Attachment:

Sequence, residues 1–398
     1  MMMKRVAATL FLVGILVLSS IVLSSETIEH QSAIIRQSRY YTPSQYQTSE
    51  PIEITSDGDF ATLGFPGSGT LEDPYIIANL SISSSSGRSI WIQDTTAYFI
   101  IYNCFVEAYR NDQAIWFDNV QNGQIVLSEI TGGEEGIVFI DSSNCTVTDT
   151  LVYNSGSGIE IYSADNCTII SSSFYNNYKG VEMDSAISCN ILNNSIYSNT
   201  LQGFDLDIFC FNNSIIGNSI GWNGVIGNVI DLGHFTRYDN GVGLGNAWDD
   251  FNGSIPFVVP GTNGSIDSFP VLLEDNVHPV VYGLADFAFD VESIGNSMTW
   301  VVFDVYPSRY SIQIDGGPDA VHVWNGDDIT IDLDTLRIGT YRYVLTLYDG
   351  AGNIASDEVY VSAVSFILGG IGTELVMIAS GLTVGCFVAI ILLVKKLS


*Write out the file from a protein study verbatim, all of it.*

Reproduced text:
Sequence, residues 1–398
     1  MMMKRVAATL FLVGILVLSS IVLSSETIEH QSAIIRQSRY YTPSQYQTSE
    51  PIEITSDGDF ATLGFPGSGT LEDPYIIANL SISSSSGRSI WIQDTTAYFI
   101  IYNCFVEAYR NDQAIWFDNV QNGQIVLSEI TGGEEGIVFI DSSNCTVTDT
   151  LVYNSGSGIE IYSADNCTII SSSFYNNYKG VEMDSAISCN ILNNSIYSNT
   201  LQGFDLDIFC FNNSIIGNSI GWNGVIGNVI DLGHFTRYDN GVGLGNAWDD
   251  FNGSIPFVVP GTNGSIDSFP VLLEDNVHPV VYGLADFAFD VESIGNSMTW
   301  VVFDVYPSRY SIQIDGGPDA VHVWNGDDIT IDLDTLRIGT YRYVLTLYDG
   351  AGNIASDEVY VSAVSFILGG IGTELVMIAS GLTVGCFVAI ILLVKKLS